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Khalil Ghanem, MD, PhD Associate Professor of Medicine Johns Hopkins University School of Medicine Director, STD/HIV/TB Clinical Services Baltimore City.

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Presentation on theme: "Khalil Ghanem, MD, PhD Associate Professor of Medicine Johns Hopkins University School of Medicine Director, STD/HIV/TB Clinical Services Baltimore City."— Presentation transcript:

1 Khalil Ghanem, MD, PhD Associate Professor of Medicine Johns Hopkins University School of Medicine Director, STD/HIV/TB Clinical Services Baltimore City Health Department October 4, 2012 Jafar H. Razeq, PhD, HCLD(ABB) Chief, Public Health Microbiology Laboratories Administration Maryland Department of Health and Mental Hygiene

2 your questions for the presenters to:

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4 No relevant financial disclosures

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9 Source: Center for STI Prevention, Maryland Department of Health and Mental Hygiene Gonorrhea Incidence Rates in Maryland,

10 Source: Center for STI Prevention, Maryland Department of Health and Mental Hygiene Gonorrhea Incidence Rates by Gender Maryland,

11 Source: Center for STI Prevention, Maryland Department of Health and Mental Hygiene Gonorrhea by Age (10–25) Maryland,

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13  Targeted screening is recommended for high-risk women (e.g. previous gonorrhea infection, other STIs, new or multiple sex partners, and inconsistent condom use; CSW and drug use; area of high prevalence)  Screening is recommended at the first prenatal visit for pregnant women who are in a high-risk group for gonorrhea infection. Those who are at continued risk, and for those who acquire a new risk factor, a second screening should be conducted during the third trimester  Repeat testing (i.e. retesting or rescreening) of GC+ patients recommended 3 months after treatment

14  The USPSTF found insufficient evidence to recommend for or against routine screening for gonorrhea infection in men at increased risk for infection, but CDC recommends annual gonorrhea screening for all sexually active MSM by testing for urethral infection in men who have had insertive intercourse in past year, rectal infection in men who have had receptive anal intercourse in past year, and pharyngeal infection in men who have had receptive oral intercourse in past year  Repeat testing (i.e. retesting or rescreening) of GC+ patients recommended 3 months after treatment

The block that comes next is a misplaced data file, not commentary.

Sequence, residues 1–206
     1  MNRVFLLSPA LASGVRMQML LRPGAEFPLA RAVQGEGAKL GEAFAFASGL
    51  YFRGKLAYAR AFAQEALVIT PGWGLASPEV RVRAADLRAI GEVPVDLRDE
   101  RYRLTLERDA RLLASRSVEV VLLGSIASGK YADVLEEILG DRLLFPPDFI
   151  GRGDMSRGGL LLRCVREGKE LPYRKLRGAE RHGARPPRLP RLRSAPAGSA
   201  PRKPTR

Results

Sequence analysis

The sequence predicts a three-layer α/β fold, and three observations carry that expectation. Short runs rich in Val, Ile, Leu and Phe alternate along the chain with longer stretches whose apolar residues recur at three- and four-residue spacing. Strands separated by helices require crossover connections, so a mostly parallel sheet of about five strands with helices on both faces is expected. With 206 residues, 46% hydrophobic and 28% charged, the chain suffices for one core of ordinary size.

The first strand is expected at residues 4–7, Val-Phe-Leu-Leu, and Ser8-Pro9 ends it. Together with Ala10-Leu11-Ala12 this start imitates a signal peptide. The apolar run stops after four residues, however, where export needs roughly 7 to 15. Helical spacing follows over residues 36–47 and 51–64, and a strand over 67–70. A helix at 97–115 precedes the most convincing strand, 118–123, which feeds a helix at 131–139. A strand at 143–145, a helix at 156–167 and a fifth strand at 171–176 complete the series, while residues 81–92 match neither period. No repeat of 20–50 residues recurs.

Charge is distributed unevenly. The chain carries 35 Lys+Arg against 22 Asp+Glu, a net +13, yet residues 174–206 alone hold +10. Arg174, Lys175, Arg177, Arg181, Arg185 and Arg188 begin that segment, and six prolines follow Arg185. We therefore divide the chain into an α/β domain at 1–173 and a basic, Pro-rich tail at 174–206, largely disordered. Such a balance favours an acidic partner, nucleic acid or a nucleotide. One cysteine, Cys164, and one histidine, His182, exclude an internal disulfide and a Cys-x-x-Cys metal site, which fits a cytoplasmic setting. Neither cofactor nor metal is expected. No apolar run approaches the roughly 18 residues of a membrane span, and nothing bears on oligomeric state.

15 ORAL SEX ANAL SEX Oral SexMalesFemales Active Oral Passive Oral Active Oral Passive Oral Lifetime77%79%68%73% Last sex27%28%19%28%  Young MSM: 50%  Young heterosexual men and women: % Ekstrand M, et al. AIDS 1999; 13 (12): Halperin D, et al. AIDS Patient Care STDs 1999; 13(12); Michael RT, et al. Sex in America: A Definitive Survey. Little, Brown and Co. UK. 1994

16  Studies suggest that up to 65% of cases of gonorrhea and 50% of cases of chlamydia among MSM may be missed if genital-only testing were performed Sex Transm Dis. 2008;35(10):845 Clin Infect Dis. 2005;41(1):67  In women, 10% of CT and 31% of GC infections would have been missed if extragenital testing were not done Sex Transm Dis. 2011;38(9):783  The majority of rectal and pharyngeal GC & CT infections are ASYMPTOMATIC  Rectal and pharyngeal infections are of public health significance Clin Infect Dis. 2009;49(12):1793

17  All persons should be tested for rectal and pharyngeal gonorrhea if they report pharyngeal or rectal exposures  Sensitivity of culture 90% sensitivity for Nucleic Acid Amplification Tests (NAATs) Sex Transm Infect Jun;85(3):182-6  The CDC recommends that NAATs be used to detect these extragenital infections MMWR Recomm Rep ;60(1):18  If NAATs for extragenital testing of GC are not feasible in your setting, use culture to detect these infections. It is an acceptable alternative

18  Although none of the NAATs are FDA cleared to use with extragenital specimens, most large laboratories have conducted in-house validation assays and they are able to provide this service  Check with your local laboratory to see if they can provide extragenital NAATs testing  See slide on ‘CPT Codes and Laboratory Test Codes’ at the end of my presentation for additional details

19 CEPHALOSPORINS MACROLIDES  Ceftriaxone 250mg IM X 1  >98% anogenital  >98% pharyngeal  Cefixime 400mg PO X 1  >97% anogenital  90% pharyngeal  Azithromycin 1g PO X 1  97% anogenital  ? Pharyngeal  Azithromycin 2g PO X 1*  99% anogenital  99% pharyngeal * 20% vomiting within 1h